Posts Tagged: ISIS

The Rumpus Mini-Interview Project #128: Dunya Mikhail

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“All art is somehow a kind of witness, whether to beauty or to anything else.”

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The Rumpus Mini-Interview Project #126: Christopher Zeischegg

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“Being thrust into forced ritualistic closeness does break the ice, but doesn’t guarantee closeness.”

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TORCH: An Alien, Ineligible for Participation

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That a bumbling demagogue would be able to take this institutional racism and weaponize it is, then, not really a surprise. The seeds for this hate were planted a long time ago.

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All Writing Is Political: A Conversation with Mohsin Hamid

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Mohsin Hamid discusses his new novel, Exit West, hope in fiction as a form of resistance, the necessity of learning to accept social change, and how much America and Pakistan have come to resemble each other.

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The Rumpus Interview with Atossa Araxia Abrahamian

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Atossa Araxia Abrahamian on her new book The Cosmopolites, the citizenship market, nearly getting deported in the Comoros, and learning to show up and wait.

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Fighting Terrorism Through Language

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The terrorist organization that coordinated attacks in Paris last week has alternately been called ISIS, ISIL, and IS by government and media. However, when French President Francois Hollande addressed the world, he referred to the organization as Daesh for a very good reason: language. In addition to being a transliteration of the group’s Arabic acronym meaning […]

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Dan Weiss’s Morning Coffee

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(Dan Weiss is out on tour with his band The Yellow Dress. He’ll be back on August 3rd.) The new French Scrabble Champion doesn’t speak French. Scientists condemn the journal Science Careers for reinforcing stereotypes. Japanese activists are fighting ISIS with anime. It took 45 years to decipher a completely charred, 1500-year-old Hebrew scroll. Armadillos are […]

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The Rumpus Interview with Jay Rubin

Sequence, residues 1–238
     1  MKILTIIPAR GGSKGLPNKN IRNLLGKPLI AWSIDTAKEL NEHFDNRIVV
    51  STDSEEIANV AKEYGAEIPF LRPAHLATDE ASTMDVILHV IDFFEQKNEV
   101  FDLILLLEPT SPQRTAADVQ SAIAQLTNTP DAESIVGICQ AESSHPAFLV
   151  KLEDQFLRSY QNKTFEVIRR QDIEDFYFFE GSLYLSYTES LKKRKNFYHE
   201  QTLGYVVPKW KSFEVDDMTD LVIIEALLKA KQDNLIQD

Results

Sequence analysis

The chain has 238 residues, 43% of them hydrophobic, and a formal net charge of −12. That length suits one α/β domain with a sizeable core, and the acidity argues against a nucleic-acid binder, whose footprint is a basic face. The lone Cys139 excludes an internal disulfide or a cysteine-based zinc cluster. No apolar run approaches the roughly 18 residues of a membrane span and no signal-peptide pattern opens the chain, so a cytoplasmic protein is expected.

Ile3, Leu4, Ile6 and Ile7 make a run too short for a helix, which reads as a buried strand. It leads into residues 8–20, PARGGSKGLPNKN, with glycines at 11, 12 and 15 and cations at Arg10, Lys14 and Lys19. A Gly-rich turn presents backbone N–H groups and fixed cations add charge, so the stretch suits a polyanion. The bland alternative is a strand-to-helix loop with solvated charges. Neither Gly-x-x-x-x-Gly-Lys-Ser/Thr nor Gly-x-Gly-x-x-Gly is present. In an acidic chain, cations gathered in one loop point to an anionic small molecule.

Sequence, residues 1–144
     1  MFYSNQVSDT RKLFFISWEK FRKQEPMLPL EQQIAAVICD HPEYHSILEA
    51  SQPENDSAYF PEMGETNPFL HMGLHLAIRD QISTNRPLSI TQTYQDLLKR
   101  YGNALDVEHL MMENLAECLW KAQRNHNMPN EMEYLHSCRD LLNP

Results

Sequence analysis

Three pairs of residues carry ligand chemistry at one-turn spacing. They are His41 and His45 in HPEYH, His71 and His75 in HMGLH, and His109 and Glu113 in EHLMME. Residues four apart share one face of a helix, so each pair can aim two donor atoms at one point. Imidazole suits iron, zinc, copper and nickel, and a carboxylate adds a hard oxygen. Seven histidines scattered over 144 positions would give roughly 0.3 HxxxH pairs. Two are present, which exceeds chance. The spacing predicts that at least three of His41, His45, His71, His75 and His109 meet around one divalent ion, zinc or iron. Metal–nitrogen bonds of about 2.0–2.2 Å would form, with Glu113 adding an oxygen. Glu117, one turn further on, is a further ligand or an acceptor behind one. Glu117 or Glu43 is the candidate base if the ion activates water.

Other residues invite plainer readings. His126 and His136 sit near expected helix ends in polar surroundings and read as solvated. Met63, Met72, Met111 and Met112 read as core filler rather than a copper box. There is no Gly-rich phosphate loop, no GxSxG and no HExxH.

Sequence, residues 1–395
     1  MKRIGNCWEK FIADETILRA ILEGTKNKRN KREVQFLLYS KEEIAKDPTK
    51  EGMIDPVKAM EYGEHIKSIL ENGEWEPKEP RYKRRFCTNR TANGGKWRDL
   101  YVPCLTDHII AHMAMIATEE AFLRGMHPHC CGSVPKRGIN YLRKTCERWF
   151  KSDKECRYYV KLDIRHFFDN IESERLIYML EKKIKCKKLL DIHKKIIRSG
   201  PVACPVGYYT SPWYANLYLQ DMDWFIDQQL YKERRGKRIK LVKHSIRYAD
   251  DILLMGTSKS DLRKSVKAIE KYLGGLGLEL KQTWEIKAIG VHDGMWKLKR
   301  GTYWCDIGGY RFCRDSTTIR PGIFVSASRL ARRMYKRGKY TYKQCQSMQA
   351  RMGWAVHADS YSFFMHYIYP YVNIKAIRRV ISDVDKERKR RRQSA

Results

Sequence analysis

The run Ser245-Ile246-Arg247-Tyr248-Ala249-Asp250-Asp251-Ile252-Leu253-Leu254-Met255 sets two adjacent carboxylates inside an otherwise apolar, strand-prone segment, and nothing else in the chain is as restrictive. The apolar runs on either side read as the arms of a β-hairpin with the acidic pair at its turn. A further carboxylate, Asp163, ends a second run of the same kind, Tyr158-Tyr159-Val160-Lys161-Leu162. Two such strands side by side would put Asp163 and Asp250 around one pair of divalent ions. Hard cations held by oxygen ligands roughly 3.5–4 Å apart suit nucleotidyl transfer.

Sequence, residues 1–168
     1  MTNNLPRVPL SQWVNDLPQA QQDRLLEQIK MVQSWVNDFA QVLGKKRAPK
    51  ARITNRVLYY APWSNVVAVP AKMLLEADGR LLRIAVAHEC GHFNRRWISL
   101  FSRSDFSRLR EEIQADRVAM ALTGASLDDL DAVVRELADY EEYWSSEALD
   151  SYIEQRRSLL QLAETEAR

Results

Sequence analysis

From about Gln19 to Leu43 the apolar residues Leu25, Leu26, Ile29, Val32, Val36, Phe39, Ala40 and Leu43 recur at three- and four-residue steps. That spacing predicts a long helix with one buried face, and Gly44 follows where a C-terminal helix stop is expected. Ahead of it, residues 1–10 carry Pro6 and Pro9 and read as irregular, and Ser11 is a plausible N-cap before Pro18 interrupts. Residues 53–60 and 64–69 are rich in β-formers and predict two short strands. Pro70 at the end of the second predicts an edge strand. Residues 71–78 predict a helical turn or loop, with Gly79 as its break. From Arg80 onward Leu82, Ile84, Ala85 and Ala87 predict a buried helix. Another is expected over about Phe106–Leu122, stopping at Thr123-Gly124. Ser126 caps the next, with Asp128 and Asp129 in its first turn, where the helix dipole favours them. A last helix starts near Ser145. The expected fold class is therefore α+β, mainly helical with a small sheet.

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Author and translator Jay Rubin talks about his new novel, The Sun Gods, translating Haruki Murakami into English, and the internment of Japanese citizens during World War II.

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Examining Culture

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Analysts have generally ignored these texts, as if poetry were a colorful but ultimately distracting by-product of jihad. But this is a mistake. It is impossible to understand jihadism—its objectives, its appeal for new recruits, and its durability—without examining its culture. Over at the New Yorker, Robyn Creswell and Bernard Haykel examine jihadi culture through […]

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Fragility of Antiquity

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Adam Flemming Petty writes over on Electric Literature about the literature of ruins: This perception of antiquities as fragile rather than permanent, and all the more affecting for their fragility, is common in literature. Writers have often found their imaginations piqued when encountering the broken, the cracked, the falling-apart. The stories that ruins tell are […]

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The Rumpus Interview with Gina Nahai

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Gina Nahai talks about her fifth novel, The Luminous Heart of Jonah S., Iran and Los Angeles, and the possibility of a long-sought-after peace in the Middle East.

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Excavated Heartbreaking Interview with David Foster Wallace

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I didn’t really understand emotionally that there are people around who didn’t have enough to eat, who weren’t warm enough, who didn’t have a place to live, whose parents beat the hell out of them regularly. The sadness isn’t in seeing it, the sadness is in realizing how phenomenally lucky I am, not only to […]

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ISIS: A Rumpus Roundup

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The Islamic State of Iraq in Syria, known better as ISIS, has operated in Syria and Iraq since 2003 as an offshoot of al-Qaeda—at least until al-Qaeda disavowed any connection. The military organization is neither a political party nor religious group, though membership primarily consists of Sunni Muslims, the “orthodox” branch of Islam and the […]

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